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A Wrench in GLOBE’s Diabolical Machinery

Posted on Sep. 19, 2022
Ruth Mason
Ruth Mason

Ruth Mason (ruth.mason@law.virginia.edu) is the Edwin S. Cohen Distinguished Professor of Law and Taxation at the University of Virginia School of Law. She is grateful to Heydon Wardell-Burrus and Alexander Rust for comments on the draft; however, all errors are her own.

In this article, Mason explains how the global anti-base-erosion rules induce cooperation by states, and how the proposal to enact those rules via a directive in the European Union undermines that inducement to cooperate.

This year’s annual International Fiscal Association Congress, the first in-person congress since the pandemic began, drew almost 2,000 participants. A much-discussed topic was the proposal from the inclusive framework on base erosion and profit shifting for global anti-base-erosion (GLOBE) rules. Panelists described the GLOBE rules in colorful language. Speaking at the Austrian embassy in Berlin, Claus Staringer of Vienna University of Economics and Business’s Institute for Austrian and International Tax Law called it “diabolical engineering.” Outgoing OECD tax chief Pascal Saint-Amans referred to its “devilish logic.” Both men spoke admiringly of these aspects of the GLOBE rules. This article recounts the logic of the GLOBE regime and explains why the proposal to enact it via an EU directive undermines that logic.

Building Cooperation

What forced the GLOBE negotiators to become diabolical engineers in constructing the GLOBE rules? In the absence of cooperation to coordinate effective tax rates, higher-tax countries may lose tax revenue and real investment to lower-tax countries. Moreover, high-tax countries feel pressure to lower their own effective corporate tax rates to compete with lower-tax countries to attract and retain investment. The ability of countries to set their effective tax rates autonomously results in a classic collective-action problem. Setting effective tax rates cooperatively would improve the collective welfare of the cooperating states by increasing the total amount of tax collected, but cooperation is either impossible or would be unstable because of the significant rewards available to defectors.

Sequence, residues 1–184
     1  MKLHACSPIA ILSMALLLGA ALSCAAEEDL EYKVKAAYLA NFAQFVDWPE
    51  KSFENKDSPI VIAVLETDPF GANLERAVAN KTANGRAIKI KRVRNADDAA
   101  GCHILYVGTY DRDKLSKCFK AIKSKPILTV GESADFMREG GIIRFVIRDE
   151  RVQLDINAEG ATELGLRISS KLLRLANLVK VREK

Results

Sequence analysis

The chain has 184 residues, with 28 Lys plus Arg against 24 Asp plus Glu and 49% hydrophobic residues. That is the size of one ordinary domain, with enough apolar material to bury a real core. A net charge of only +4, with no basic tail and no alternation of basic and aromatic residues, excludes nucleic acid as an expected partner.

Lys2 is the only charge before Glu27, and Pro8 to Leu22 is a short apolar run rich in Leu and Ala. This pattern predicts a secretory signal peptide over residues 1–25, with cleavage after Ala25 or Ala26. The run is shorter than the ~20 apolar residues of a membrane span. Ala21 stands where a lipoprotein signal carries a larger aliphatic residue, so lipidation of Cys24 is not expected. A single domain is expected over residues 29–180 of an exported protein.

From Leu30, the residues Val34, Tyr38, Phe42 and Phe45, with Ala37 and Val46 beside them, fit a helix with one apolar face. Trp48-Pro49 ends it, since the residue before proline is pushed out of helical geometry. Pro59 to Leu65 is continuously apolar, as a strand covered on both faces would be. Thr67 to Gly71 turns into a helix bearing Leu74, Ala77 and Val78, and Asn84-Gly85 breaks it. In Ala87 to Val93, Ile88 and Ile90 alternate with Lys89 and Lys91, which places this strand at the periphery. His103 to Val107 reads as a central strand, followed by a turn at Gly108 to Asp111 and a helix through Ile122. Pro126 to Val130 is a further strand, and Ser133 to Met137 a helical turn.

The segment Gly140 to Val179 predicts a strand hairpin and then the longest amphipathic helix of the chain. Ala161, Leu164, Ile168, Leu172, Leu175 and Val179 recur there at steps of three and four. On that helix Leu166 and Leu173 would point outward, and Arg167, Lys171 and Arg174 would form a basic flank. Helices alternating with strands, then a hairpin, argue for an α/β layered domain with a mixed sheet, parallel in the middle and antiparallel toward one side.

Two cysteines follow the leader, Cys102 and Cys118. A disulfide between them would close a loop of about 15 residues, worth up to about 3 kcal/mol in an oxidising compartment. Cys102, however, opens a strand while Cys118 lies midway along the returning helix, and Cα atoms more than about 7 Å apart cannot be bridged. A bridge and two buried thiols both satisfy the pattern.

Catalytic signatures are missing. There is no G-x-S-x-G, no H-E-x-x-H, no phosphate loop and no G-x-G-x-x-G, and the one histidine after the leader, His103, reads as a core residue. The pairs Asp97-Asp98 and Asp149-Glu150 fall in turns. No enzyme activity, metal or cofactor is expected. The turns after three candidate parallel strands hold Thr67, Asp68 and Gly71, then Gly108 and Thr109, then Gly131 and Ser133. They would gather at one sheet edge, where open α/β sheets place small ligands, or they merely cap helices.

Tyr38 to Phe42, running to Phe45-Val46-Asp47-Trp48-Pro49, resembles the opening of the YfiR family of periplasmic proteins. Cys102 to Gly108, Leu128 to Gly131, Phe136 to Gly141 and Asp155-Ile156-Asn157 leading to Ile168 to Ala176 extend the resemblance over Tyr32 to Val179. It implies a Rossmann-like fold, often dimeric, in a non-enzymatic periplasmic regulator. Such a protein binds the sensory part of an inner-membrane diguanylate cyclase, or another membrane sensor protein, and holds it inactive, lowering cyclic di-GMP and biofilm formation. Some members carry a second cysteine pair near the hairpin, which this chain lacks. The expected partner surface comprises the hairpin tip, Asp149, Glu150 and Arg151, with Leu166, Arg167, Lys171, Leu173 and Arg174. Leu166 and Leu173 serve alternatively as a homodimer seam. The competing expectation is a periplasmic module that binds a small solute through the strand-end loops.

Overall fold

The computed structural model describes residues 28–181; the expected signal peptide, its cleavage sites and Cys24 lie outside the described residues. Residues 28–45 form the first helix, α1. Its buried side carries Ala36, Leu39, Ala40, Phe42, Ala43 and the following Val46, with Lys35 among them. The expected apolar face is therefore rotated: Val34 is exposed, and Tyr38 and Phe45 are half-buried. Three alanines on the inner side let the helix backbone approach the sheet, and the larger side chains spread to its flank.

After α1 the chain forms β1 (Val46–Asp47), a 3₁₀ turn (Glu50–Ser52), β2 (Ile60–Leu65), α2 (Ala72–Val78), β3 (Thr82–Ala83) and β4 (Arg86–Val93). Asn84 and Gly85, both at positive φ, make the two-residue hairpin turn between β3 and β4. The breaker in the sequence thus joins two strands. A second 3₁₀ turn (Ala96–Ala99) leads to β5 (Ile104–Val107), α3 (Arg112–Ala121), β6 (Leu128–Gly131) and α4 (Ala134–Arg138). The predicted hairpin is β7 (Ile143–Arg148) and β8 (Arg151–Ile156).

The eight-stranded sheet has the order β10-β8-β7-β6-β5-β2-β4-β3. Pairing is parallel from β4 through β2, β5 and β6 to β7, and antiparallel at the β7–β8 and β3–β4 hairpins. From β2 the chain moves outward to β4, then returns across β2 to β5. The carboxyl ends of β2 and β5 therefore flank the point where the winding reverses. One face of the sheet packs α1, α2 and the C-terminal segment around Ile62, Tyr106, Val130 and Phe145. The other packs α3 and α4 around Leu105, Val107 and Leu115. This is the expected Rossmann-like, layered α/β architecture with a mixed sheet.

To resolve this problem, the high-tax states needed a way to neutralize the impact of defection and durably bind cooperating states to the deal. GLOBE accomplishes these goals through a set of redundant fiscal fail-safes.

Fiscal fail-safes are rules under which, if one country does not tax, another automatically steps in to fill the void.1 By enabling states to soak up tax entitlement not exercised by other states, fiscal fail-safes target both tax competition and tax planning. Although fiscal fail-safes are not new to international tax,2 the BEPS project saw the introduction of coordinated fiscal fail-safes. When multiple states coordinate to adopt the same fiscal fail-safe, that coordination reduces the risk that businesses can successfully flee the adopting jurisdictions to escape the fail-safe.3

The most memorable example of a coordinated fiscal fail-safe that emerged from the BEPS project was the anti-hybrid rules, which address tax avoidance arising from the use of hybrid debt-equity instruments. Taking advantage of mismatches between different states’ definitions of debt and equity, hybrids allowed taxpayers to secure interest deductions in one state with no offsetting inclusion in the other. The BEPS states employed a coordinated fiscal fail-safe to shut down hybrids. Specifically, the anti-hybrid action item contains a primary rule under which the paying state denies an interest deduction for payments that will not be included in the receiving state. Should the paying state fail to adopt or invoke the primary rule, however, the BEPS anti-hybrid regime also includes a defensive rule under which the receiving state would include the amounts deducted abroad. As a result of this redundancy, a hybrid mismatch would be shut down if at least one of the two countries (source or residence) adopted the anti-hybrid rule. Such redundancy is important because we know that some countries deliberately facilitate hybrid tax planning. Thus, it was not realistic to expect all states to adopt anti-hybrid rules. Building in redundancy enabled the BEPS states to neutralize hold-out states that deliberately facilitated hybrids.